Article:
In dairy cows, the increase in milk yield from parturition to peak lactation is attributed to an increase in the secretory activity of mammary epithelial cells (MECs) (Capuco et al. 2001). However, following peak lactation, there is a decline in milk production, which is attributed to the loss of MECs by programmed cell death or apoptosis (Capuco et al. 2001). The role of involution and the factors that regulate it in the bovine mammary gland are not well understood. Previous studies have characterised the process of involution in the bovine mammary gland by determining whether involution is reversible following an extended milk stasis. Involution was fully reversible following seven days of non-milking (Dalley & Davis 2006), but was only partially reversible following longer non-milking intervals (Noble & Hurley 1999; Singh et al. 2012).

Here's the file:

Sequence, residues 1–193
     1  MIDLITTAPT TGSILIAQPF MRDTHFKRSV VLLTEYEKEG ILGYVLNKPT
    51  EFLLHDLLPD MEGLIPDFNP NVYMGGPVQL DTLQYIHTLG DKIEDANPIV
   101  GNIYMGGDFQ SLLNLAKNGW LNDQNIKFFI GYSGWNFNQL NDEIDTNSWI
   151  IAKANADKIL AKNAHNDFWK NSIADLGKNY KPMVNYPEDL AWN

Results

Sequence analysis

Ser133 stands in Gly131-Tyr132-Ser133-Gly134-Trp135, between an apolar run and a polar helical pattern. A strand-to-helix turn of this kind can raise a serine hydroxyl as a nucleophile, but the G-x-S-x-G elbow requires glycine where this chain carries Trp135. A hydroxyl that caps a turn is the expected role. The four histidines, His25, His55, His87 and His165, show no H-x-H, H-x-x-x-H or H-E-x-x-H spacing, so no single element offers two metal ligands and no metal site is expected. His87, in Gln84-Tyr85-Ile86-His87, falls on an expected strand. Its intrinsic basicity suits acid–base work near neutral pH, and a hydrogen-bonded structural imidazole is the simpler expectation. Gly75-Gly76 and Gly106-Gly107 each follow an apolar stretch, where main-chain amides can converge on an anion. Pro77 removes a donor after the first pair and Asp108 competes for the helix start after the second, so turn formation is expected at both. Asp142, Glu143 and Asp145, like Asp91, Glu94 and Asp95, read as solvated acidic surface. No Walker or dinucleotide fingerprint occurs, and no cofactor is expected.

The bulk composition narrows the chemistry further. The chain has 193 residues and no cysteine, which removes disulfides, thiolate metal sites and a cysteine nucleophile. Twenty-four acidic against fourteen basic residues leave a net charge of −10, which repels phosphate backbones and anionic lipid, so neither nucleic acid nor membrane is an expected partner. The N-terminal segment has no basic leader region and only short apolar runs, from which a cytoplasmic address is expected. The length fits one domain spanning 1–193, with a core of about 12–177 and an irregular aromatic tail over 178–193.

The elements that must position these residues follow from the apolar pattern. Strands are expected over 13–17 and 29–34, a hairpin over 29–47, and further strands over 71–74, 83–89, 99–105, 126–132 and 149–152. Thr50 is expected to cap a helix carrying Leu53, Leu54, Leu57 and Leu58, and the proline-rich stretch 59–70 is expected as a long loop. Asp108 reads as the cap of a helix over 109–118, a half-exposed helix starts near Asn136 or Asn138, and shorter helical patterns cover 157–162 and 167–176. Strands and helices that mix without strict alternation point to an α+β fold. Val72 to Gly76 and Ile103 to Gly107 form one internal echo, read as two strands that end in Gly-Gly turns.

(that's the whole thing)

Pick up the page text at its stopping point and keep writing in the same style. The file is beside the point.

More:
GS, Mallah, J Dobson, S Moon, HV Henderson, A Molenaar, J Guan, and K Singh

Proceedings of the New Zealand Society of Animal Production, Volume 73, Hamilton, 51-53, 2013
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